Written By: Andrew Sedo
Originality: (2.5 / 5) Vocals/Flow: (4.0 / 5) Lyrics: (2.5 / 5) Production: (4.0 / 5) Average: (3.3 / 5)
If you’ve heard of Norway’s boy pablo, chances are your introduction came via the “Recommended Videos” tab on Youtube. The 18 year old’s video for “Everytime” garnered some serious attention from an algorithm update and led to an explosion of attention for him and his small crew of Scandinavian schoolboys. The science behind what qualities attracted so many to such a seemingly obscure song is complex and rooted in taste profile trends beyond normal comprehension.
That being said, the software seemed to latch on to boy pablo’s relatable unpopular teen odyssey and en vogue DeMarco style warbly guitar tones. “Everytime” seems almost engineered to attract millennial attention, but comes with an absurdly genuine sensibility. The song features a protagonist admirer looking out for a friend in a relationship where one party seems consistently stepped over. Resentful, yet upbeat, and well produced, it’s easy to see how so many young people have found Pablo an understandable experience worth exploring further.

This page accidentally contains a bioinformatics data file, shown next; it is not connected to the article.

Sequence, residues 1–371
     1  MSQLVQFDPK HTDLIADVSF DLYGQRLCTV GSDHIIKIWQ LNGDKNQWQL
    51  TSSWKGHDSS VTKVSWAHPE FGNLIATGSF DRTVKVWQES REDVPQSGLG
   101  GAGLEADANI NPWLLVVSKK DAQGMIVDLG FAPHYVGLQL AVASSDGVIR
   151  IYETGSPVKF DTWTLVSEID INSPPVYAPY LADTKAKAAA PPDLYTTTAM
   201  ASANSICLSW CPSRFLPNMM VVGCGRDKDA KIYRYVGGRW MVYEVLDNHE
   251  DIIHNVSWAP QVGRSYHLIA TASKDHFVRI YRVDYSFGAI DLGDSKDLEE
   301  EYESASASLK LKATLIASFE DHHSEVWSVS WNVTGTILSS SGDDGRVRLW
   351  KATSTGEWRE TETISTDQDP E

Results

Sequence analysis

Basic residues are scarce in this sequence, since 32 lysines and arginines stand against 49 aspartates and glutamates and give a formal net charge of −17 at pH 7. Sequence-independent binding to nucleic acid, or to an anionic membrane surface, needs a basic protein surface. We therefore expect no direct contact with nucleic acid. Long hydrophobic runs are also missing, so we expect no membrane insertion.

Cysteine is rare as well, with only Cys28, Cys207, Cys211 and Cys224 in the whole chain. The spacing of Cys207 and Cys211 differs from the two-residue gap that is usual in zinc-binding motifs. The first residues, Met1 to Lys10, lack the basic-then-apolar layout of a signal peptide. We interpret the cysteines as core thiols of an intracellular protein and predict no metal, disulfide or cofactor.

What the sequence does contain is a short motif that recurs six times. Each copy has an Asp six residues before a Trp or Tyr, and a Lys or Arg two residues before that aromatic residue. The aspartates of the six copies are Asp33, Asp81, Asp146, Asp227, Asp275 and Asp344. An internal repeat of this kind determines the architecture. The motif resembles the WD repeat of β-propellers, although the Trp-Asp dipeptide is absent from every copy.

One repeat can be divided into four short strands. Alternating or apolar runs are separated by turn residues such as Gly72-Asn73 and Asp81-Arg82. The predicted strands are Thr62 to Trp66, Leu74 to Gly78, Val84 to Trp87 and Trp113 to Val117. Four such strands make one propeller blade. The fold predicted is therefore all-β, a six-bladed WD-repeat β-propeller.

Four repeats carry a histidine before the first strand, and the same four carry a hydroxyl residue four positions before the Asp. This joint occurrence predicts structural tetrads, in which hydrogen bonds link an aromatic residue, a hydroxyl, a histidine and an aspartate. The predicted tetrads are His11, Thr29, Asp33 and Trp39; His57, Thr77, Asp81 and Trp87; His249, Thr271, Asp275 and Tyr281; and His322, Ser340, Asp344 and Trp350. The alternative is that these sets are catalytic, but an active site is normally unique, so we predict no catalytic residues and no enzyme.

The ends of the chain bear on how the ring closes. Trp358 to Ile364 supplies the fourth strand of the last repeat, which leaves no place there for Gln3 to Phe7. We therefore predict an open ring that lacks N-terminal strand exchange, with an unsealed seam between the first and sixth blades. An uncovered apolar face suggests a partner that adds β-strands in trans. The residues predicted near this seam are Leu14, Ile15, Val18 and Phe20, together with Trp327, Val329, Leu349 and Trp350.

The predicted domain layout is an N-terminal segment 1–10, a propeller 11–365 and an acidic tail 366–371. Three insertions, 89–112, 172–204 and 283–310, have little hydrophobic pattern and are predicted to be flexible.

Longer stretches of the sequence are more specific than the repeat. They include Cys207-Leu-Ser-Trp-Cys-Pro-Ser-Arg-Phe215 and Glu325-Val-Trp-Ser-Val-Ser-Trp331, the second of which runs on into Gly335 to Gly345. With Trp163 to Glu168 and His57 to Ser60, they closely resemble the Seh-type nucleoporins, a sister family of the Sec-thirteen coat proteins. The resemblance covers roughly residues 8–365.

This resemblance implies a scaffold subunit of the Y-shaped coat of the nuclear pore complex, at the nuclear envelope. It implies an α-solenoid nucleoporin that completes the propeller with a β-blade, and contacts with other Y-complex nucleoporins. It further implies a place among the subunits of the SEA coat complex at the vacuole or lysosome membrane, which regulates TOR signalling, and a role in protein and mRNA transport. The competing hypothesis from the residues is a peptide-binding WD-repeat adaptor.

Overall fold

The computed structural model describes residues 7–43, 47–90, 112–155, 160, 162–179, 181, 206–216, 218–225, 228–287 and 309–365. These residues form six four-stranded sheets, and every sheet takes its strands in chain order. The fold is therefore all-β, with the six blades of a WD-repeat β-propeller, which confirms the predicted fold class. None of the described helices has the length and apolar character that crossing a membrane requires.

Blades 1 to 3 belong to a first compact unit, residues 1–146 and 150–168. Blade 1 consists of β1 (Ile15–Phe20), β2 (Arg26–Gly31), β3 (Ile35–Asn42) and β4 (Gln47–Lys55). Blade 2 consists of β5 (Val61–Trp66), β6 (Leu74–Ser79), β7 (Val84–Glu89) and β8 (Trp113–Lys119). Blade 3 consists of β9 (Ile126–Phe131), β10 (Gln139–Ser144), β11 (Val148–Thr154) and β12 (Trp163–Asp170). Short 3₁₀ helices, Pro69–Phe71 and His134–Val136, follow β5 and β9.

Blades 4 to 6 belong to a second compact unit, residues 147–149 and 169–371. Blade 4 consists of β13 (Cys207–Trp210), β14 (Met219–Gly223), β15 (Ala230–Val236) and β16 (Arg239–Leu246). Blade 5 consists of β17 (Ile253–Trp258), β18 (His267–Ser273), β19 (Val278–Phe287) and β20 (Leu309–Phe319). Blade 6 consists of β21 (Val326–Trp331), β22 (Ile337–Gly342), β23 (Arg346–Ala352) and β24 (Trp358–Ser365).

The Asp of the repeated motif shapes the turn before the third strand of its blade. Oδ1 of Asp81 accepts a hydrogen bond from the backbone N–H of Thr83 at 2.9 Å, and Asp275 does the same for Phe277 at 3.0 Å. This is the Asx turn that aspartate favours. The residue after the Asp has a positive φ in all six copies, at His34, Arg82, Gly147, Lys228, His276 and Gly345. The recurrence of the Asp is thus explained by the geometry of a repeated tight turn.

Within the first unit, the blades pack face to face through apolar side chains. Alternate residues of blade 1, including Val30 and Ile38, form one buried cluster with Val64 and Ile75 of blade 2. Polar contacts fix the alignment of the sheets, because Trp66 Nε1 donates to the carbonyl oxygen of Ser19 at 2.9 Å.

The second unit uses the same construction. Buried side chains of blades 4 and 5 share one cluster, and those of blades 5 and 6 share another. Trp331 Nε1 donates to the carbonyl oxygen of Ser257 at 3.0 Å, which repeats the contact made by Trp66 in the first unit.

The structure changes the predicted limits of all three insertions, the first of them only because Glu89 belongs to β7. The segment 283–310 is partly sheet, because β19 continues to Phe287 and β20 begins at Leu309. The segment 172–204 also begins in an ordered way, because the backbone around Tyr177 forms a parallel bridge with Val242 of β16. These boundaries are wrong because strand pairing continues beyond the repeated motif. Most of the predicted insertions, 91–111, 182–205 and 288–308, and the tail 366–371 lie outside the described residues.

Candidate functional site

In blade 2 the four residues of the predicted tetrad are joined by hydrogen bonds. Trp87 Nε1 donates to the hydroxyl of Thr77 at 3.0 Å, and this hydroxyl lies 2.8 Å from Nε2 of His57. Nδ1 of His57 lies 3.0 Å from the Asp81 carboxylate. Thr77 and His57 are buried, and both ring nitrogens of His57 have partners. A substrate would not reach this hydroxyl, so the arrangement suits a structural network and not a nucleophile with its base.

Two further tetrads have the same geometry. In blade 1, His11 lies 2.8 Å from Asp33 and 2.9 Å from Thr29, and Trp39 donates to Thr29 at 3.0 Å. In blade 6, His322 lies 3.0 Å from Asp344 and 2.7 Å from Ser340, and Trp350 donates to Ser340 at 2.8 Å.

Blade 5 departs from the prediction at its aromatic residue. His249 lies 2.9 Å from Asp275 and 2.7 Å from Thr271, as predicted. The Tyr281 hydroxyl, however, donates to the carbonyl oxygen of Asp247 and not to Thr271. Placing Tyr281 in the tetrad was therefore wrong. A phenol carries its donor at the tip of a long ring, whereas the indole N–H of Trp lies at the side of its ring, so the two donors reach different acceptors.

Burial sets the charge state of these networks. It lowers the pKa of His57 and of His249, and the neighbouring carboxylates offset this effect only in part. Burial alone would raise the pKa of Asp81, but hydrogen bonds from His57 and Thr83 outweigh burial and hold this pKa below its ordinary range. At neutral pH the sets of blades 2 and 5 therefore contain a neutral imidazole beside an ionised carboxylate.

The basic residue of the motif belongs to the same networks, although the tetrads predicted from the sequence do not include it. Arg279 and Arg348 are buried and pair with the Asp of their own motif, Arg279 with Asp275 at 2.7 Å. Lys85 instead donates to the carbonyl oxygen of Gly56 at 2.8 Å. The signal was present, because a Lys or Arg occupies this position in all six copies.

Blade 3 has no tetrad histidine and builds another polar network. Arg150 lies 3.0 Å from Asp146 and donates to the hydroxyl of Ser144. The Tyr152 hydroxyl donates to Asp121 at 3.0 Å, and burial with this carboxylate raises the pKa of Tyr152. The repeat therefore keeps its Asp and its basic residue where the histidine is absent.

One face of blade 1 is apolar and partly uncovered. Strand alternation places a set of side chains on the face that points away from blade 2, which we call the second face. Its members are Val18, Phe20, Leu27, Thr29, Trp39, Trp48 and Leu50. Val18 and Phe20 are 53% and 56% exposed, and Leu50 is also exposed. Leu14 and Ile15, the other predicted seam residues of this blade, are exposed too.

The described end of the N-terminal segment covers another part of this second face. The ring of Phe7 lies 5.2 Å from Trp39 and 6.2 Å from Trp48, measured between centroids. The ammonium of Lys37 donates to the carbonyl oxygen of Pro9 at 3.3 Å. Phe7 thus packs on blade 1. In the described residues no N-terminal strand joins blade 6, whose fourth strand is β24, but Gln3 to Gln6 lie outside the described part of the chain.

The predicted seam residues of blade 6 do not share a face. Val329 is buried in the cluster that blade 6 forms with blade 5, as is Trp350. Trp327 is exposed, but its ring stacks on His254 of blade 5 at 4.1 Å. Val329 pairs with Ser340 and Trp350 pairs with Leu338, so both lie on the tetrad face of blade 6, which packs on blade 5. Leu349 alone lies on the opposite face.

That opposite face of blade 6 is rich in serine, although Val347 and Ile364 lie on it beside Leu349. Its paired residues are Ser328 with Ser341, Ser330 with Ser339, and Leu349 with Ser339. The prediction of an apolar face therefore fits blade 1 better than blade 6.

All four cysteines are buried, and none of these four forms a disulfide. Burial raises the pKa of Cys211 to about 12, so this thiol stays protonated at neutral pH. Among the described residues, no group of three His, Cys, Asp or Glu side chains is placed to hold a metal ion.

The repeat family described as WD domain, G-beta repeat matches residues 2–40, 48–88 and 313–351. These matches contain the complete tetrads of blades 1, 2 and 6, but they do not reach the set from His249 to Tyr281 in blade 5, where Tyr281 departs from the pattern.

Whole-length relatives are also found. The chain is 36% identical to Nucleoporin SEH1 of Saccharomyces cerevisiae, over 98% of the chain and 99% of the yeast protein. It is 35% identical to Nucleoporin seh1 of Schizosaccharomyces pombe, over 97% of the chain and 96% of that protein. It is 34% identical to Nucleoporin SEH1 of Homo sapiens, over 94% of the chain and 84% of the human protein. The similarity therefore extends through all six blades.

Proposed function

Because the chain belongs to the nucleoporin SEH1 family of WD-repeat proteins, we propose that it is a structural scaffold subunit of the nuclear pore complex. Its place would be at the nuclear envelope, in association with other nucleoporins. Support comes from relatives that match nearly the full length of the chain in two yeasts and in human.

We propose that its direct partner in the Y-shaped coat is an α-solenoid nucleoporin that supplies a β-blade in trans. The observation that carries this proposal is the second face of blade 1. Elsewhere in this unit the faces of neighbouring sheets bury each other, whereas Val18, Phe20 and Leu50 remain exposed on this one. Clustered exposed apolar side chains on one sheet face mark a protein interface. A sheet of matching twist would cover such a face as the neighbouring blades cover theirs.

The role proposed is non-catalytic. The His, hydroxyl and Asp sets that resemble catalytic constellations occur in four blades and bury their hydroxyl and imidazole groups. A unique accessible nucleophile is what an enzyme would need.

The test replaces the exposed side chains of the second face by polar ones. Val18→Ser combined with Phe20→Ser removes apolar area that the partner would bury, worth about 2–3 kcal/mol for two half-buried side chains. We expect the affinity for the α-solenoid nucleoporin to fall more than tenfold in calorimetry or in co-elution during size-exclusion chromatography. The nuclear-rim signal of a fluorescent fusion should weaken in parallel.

However, as the group expands their catalogue with their first EP, Roy Pablo, it remains to be seen if they can reach a deeper understanding of the teen experience beyond tired tropes. “Dance, Baby!” features forced lyrics, an out of place airhorn, and covers the same “I know what’s better for you than you do” territory. The last 3 tracks feature similar rhythms and are almost caricatures of the teen admirer love experience.
Thusly, the charm of an artist like boy pablo is the authenticity of the feeling of discovery. The sentimentality is undoubtedly childish, but boy pablo is not a child prodigy. It’s this every-man mystique that moves him in a direction polar to that of a young artist marked for greatness. Pablo’s music is not likely to receive critical acclaim, nor should he change for the harsh brightness of the binary anointed spotlight. The innocence of Roy Pablo is redeeming beyond all its technical faults. Time will tell if maturity brings boy pablo in a more introspective, illuminating direction, for now simply being one of the boys is enough.